As Todd demonstrates with this horse, surrendering to the right person can actually set you free. I think there are several reasons why we don’t like the idea of submission and surrender. Part of it, as Todd points out, is just because of our sinful nature. There is just something in all of us that can’t allow God to be in control.
The truth is, when you give up and surrender to God, you’ll find that it’s the best thing you could possibly do. It’s not easy. It’s not always going to be comfortable. But if you stick with it, you’ll see over time that it’s completely worth it.
“For with God nothing will be impossible” (Luke 1”37).
This is the verse that drives Luanne Botta, founder of Guarded Heart Ministries, both in life and in ministry to women and teens.
Luanne came to know Jesus at 22, after spending time in the party scene. Several years later, she began serving in ministry. She served as a leader of a women’s ministry at her local church for many years. Serving women is one of Luanne’s passions. She knows what it’s like to experience weariness in her walk with Christ. As she serves other women she hopes they will find the encouragement to keep going. God has not left them and He is not done yet.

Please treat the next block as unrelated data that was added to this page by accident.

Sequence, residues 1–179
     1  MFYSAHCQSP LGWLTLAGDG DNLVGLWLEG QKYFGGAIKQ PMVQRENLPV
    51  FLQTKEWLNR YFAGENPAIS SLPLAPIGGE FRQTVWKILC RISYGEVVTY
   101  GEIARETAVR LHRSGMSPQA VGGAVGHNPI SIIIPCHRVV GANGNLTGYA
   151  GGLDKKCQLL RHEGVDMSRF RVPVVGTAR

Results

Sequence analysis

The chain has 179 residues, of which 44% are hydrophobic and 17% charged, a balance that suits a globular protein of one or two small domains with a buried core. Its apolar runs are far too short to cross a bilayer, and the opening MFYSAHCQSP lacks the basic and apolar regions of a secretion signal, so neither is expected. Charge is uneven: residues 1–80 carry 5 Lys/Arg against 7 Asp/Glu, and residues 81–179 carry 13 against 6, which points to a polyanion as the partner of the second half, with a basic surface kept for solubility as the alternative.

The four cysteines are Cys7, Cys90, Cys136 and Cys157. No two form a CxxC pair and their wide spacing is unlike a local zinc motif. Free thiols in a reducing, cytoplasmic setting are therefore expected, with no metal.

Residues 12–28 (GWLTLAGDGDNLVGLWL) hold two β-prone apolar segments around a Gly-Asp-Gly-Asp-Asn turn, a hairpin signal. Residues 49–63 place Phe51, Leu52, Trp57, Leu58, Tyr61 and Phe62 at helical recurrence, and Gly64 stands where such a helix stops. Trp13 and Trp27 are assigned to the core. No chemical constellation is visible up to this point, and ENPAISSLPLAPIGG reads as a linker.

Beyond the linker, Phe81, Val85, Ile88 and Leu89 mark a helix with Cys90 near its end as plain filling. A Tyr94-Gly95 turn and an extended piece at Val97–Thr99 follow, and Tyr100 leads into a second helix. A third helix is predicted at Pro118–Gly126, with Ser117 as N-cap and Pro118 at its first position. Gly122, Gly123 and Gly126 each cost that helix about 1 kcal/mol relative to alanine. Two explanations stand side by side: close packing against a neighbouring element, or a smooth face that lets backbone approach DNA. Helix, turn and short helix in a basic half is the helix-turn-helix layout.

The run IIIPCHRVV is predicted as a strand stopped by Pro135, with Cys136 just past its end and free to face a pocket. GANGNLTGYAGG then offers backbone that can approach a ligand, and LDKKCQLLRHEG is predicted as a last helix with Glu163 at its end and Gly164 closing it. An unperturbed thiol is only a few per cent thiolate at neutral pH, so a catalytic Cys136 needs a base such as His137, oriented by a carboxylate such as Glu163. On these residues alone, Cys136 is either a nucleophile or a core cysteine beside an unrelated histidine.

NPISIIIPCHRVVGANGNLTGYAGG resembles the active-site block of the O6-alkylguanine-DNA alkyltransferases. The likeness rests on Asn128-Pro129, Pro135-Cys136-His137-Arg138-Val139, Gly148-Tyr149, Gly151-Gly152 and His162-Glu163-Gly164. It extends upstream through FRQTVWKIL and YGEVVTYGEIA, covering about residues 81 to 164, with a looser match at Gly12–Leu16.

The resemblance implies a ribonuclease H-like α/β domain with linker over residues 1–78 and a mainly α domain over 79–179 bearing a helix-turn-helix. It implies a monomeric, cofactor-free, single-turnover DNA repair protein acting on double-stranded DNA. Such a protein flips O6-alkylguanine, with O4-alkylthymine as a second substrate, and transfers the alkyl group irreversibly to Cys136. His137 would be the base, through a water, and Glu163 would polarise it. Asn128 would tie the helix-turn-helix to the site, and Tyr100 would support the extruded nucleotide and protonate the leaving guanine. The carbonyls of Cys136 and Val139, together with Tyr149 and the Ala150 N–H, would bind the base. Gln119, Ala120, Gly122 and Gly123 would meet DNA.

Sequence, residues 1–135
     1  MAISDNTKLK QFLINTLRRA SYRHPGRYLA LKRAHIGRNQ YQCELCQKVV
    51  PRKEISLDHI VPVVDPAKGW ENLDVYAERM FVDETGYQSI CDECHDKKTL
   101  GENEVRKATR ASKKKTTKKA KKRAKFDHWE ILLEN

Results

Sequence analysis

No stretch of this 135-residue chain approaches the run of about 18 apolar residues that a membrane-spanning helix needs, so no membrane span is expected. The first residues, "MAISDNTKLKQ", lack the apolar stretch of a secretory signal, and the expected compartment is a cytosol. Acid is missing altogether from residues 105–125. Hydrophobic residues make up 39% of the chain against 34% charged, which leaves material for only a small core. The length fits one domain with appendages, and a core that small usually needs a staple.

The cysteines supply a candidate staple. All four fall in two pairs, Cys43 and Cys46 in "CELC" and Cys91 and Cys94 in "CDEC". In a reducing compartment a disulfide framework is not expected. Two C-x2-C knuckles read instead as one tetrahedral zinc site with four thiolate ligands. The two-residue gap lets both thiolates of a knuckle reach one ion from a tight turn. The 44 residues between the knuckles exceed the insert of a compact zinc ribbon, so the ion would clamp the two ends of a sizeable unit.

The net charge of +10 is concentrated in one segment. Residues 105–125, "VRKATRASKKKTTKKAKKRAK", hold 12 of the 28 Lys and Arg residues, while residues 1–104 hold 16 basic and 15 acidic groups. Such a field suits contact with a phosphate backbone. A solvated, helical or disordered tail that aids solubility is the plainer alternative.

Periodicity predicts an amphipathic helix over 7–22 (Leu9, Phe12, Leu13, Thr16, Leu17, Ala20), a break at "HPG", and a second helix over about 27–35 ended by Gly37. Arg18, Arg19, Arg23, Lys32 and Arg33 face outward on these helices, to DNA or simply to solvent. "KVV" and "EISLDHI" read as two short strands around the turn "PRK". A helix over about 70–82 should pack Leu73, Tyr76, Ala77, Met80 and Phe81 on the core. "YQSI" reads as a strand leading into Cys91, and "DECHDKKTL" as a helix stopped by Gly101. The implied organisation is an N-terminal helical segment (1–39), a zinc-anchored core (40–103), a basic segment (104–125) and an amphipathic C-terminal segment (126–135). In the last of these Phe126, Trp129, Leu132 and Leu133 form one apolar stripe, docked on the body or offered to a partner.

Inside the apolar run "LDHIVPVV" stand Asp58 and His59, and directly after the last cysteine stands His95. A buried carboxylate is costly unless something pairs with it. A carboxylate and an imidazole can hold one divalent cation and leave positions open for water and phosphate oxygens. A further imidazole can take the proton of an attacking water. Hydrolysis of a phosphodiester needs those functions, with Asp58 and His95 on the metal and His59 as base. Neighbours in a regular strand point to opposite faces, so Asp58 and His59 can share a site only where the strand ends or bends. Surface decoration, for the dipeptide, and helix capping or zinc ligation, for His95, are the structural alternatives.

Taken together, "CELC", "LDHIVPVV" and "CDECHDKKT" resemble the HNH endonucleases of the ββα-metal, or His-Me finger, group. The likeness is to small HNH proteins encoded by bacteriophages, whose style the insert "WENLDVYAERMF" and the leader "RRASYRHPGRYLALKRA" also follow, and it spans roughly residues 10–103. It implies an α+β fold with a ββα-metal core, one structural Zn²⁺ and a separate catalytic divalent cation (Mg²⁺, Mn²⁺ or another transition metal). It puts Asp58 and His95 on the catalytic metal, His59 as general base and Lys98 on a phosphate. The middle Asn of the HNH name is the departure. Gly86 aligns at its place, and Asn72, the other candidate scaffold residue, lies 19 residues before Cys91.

With God nothing is impossible.
Born and raised in Pittsburgh, Luanne was a teacher in a Christian high school for 17 years. During the 2nd week of her first year, a senior girl came to her for help. The student told Luanne that she was having sex with her boyfriend. Through tears, she admitted that she no longer wanted to do that. Luanne’s heart-broke for this girl. Over the course of the next 17 years, Luanne continued to hear the same story day after day. She realized that God was bringing these students to her in their brokenness.
“On a daily basis, the Lord brought one teenager after another into my office crying out for the truth about their relationship with the opposite sex,” Luanne says.
Luanne saw that these teens needed two things. First, they needed Jesus – His grace and His love. Second, they needed someone who would boldly teach them how to fight against their culture by walking in sexual integrity. God was calling her to be that person.